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Thursday, May 1, 2014

bush fires in Australia and the elephantine solution !!!

The fury of nature often ends in colossal losses ~ how do you prevent them – insurance is one way of protection – insurance can never prevent a loss; but would indemnify the policy holder providing monetary compensation for the loss or damage suffered.  Is this a problem of mammoth proportions or an elephantine solution !!
photo credit : vvs.org.za

The phenomenon of ‘Bush fire’ is not so well heard of here in India but itcommonly occurs in Australia. There were devastating bush fires – described as 2013 Tasmanian bushfires – it was a series of bushfires in south-eastern Tasmania in starting in November/December of 2012, with major fires in early January 2013, right through until late April 2013. Bushfires in Australia are frequently occurring events during the hotter months of the year due to Australia's mostly hot, dry climate. Large areas of land are ravaged every year by bushfires, which also cause property damage and loss of life. In  2009 Southern Australia heat wave, which precipitated the conditions,  173 people lost their lives. Bushfires in Australia, are generally defined as any uncontrolled, non-structural fire burning in a grass, scrub, bush, or forested area.  Though we don’t to get to hear its occurrence, the Standard Fire and Special Policy issued in India covers ‘bush fire’ too …

Margaret River is a town in the South West of Western Australia, renowned to be a surfing location… the surrounding area is the Margaret River Wine Region, known for its wine production and tourism.  In 2011, bushfire raged in thse places.  At least 30 homes and chalets - including the historic Wallcliffe House -  were reportedly damaged or destroyed by the fire. Authorities issued an emergency warning to residents; there was another  fire that burnt 4,000 hectares of the Mt Lindsay National Park. The holiday ridge hotels in the region also went up in flames.

It was feared by the authorities that strong winds and temperatures of more than 30 degrees Celsius  were causing the fire to flare again as a huge contingent of firefighters fought valiantly to contain it.  Couple of years later, there is news that legal action is being contemplated against the Department of Environment and Conservation on behalf of a group of Margaret River bushfire victims. It is believed that about 35 people are involved in the class action being organised by a law firm stating that the  financial assistance already offered by the government was not sufficient. They are also seeking compensation for loss of amenity and decline in property values which have resulted from these fires.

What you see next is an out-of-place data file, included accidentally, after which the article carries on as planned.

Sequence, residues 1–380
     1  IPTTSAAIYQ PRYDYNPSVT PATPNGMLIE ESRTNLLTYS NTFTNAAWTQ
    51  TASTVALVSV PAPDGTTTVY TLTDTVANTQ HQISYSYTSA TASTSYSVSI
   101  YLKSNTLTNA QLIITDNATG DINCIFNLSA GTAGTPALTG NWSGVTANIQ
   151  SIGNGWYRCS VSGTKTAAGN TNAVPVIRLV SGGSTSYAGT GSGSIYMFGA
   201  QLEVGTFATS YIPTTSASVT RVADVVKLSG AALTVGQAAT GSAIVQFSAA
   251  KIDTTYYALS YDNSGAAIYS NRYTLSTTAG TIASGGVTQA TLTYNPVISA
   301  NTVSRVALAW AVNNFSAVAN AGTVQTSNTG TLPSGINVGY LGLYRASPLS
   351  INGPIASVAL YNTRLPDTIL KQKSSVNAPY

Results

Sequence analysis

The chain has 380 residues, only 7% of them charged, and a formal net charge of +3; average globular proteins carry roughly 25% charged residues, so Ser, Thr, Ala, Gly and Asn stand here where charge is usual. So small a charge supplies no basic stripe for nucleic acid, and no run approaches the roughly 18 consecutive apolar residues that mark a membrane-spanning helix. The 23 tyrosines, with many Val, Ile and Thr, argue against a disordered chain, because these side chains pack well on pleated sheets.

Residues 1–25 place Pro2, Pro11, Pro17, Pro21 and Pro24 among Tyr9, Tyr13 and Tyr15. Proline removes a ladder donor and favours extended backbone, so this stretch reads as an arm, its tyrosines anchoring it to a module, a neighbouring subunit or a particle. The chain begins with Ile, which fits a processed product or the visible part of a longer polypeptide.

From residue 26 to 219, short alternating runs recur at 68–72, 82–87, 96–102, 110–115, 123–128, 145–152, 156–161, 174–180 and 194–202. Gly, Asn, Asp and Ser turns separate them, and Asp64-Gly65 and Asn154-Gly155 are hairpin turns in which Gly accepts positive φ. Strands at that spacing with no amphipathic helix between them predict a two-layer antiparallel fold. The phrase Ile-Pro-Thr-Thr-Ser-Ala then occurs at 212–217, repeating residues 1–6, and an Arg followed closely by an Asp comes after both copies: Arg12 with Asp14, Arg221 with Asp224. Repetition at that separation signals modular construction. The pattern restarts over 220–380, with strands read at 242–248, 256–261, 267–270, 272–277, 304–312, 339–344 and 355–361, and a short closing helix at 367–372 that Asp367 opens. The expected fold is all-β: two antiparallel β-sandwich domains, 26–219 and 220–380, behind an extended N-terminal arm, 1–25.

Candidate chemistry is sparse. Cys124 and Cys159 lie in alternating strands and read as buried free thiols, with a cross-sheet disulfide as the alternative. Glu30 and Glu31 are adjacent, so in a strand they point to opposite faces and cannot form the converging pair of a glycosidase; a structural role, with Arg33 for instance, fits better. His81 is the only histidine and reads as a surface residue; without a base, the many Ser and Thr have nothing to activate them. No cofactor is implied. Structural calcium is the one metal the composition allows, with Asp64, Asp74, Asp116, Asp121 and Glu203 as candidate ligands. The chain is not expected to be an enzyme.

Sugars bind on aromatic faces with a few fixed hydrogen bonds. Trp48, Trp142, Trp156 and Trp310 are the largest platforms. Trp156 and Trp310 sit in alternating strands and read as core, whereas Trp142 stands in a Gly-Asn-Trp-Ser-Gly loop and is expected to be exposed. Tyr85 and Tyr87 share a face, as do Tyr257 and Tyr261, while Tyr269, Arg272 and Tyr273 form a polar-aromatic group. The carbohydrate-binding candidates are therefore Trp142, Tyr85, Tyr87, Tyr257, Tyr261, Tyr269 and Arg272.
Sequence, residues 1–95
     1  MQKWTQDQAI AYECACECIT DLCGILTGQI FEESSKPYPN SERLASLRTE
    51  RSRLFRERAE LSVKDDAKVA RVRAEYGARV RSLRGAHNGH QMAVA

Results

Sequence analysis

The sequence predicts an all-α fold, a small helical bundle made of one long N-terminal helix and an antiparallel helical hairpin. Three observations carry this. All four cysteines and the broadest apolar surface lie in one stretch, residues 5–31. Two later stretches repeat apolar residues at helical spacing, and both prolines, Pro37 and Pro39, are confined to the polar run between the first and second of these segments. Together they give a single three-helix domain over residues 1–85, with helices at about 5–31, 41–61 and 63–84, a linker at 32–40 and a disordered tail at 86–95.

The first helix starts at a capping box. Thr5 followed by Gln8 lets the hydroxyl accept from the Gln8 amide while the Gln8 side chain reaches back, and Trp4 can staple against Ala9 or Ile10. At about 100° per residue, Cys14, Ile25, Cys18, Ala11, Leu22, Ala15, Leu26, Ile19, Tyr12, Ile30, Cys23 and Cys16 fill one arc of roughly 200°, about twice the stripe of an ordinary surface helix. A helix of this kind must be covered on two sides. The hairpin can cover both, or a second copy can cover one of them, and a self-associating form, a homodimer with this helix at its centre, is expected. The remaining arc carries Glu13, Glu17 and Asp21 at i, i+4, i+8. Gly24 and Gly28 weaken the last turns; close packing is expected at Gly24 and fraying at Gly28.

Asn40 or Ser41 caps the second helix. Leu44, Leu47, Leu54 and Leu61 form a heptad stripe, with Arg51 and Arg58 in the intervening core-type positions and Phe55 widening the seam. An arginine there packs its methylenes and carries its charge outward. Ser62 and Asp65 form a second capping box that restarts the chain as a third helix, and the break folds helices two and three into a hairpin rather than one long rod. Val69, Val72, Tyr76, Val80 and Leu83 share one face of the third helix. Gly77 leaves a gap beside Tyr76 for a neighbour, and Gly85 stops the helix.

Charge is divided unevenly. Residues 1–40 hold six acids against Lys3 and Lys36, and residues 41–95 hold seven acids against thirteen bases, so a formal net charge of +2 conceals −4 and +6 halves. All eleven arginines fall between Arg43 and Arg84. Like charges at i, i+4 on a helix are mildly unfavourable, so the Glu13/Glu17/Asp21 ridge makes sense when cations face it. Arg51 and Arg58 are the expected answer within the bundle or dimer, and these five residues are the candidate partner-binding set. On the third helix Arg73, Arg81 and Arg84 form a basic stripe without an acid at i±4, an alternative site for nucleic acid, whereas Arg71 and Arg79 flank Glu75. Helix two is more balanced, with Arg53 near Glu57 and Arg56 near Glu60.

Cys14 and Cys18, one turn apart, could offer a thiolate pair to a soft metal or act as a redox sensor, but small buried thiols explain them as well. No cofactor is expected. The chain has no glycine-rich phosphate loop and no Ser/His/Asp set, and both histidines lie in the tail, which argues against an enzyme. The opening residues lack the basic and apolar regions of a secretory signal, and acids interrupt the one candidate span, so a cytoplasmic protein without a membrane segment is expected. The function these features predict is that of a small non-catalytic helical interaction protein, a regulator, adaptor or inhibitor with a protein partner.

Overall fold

Now can you ever imagine this solution………. According to one expert - Australia could introduce large herbivores such as elephants as part of a radical biological solution to the problem of bushfires and invasive species.  A Prof of Environmental change biology put forth this argument.  The programmes designed to address the problem of bushfire and invasive species were described as short-term.   The sheer magnitude of the landscape makes short-term slashing and aerial spraying programs impractical, and biological solutions are needed instead.  The researchers propose that large herbivores like elephants be used as "grass-eating machines" and, used alongside traditional Aboriginal patch burning, to help manage fire risk in the north. It was also suggested that top predators like dingoes could be reinstated to control foxes and cats, and Aboriginal people should be encouraged to hunt feral animals.

Some antagonists immediately opposed stating that  introducing elephants will be unpopular because the animals are a threat to trees and would be difficult to confine behind fences. The idea was ridiculed by some as sounding like a page of Michael Crichton novel ~ but still stated that the experiment would help settle the debate over whether humans or climate change caused megafauna, such as mammoths and giant kangaroos, to become extinct. 

With regards – S. Sampathkumar.

19th Mar 2o14

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